NBA.com: I saw the “all present, no past or future” outlook on display last night. How did that come about?

Love: I’ve always wanted to think like that and focus on carpe diem and seize the day and living in the present. I finally spoke it into existence. I don’t want to dwell [on] or be happy about – whether last year or years before – how things went for me, on the court or off the court. But don’t want to focus on the future either. Just want to focus really day-by-day and the [next opponent] at this point.

NBA.com: Milwaukee’s Larry Sanders told me in October about have a very “Zen-ful” summer, then some early frustrations led to an embarrassing nightclub incident and an injury. nner peace isn’t always easy to come by.

Love: Off the court, with my family and close friends, everything’s really going great. So that allowed me to focus on playing basketball. Had a great summer working out – didn’t talk to you guys at all [laughs]. The only time I really did media was at USA Basketball.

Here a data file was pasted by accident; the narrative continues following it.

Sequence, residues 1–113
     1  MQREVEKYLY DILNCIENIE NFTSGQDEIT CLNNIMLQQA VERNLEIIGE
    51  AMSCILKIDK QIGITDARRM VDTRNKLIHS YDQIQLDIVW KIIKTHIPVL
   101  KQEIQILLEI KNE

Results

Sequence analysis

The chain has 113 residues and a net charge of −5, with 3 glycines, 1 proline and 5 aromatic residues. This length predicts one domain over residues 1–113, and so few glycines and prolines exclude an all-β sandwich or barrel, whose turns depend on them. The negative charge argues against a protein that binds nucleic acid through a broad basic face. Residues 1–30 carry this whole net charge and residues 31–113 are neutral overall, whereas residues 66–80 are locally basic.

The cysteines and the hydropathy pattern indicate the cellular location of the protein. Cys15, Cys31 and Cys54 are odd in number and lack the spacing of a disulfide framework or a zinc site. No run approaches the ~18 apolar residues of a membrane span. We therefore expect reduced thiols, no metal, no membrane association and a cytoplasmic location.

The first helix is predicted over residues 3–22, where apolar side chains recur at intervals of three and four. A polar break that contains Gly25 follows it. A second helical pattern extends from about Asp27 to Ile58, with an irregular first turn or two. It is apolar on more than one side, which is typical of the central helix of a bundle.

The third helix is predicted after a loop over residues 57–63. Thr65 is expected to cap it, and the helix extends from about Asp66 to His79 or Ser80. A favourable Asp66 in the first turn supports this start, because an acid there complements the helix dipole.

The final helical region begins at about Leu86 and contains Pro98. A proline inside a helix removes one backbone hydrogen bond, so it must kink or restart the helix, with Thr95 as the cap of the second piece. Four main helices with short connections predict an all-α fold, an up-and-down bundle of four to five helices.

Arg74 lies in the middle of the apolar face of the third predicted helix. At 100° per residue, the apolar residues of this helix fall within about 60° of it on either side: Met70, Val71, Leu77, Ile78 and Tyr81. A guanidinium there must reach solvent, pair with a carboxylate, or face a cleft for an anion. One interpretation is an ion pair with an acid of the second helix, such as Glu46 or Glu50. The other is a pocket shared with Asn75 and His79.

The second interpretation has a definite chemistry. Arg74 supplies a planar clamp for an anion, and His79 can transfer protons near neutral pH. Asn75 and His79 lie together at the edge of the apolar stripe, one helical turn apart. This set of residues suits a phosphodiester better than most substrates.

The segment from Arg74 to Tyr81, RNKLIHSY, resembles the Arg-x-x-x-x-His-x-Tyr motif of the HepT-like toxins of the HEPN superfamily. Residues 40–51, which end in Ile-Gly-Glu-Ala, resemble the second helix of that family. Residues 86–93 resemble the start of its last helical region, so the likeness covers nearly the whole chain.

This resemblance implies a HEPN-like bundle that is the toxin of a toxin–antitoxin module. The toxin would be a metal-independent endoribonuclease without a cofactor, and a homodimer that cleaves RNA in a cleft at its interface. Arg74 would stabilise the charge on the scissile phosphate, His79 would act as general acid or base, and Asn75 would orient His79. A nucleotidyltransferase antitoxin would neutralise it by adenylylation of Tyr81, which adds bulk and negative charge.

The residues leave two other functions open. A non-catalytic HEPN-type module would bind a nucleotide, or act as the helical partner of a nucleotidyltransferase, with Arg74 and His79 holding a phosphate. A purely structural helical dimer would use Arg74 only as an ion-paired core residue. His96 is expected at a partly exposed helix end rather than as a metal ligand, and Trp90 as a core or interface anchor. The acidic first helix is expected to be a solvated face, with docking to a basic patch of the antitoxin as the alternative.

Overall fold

A big part about it was, I changed a lot of my contacts up. People weren’t able to reach me. I kind of like that – I was able to work hard, focus. Every night I’d go home, just rest, chill, read a book, watch TV. I like to live a little bit as a recluse and a shut-in so I get to focus on what I love most, and that’s my family and friends and my basketball.

(more…)

Howling Wolves Deal With Quiet Time


VIDEO: The Rockets beat the Timberwolves 112-101 on Saturday

Remember when the Timberwolves were something to howl about?

It was less than two weeks ago when the ball and the shots were moving through the offense like they were notes in a symphony.

You could pull on your parka and a pair of mukluks, then squint your eyes and imagine you were watching the Spurs North.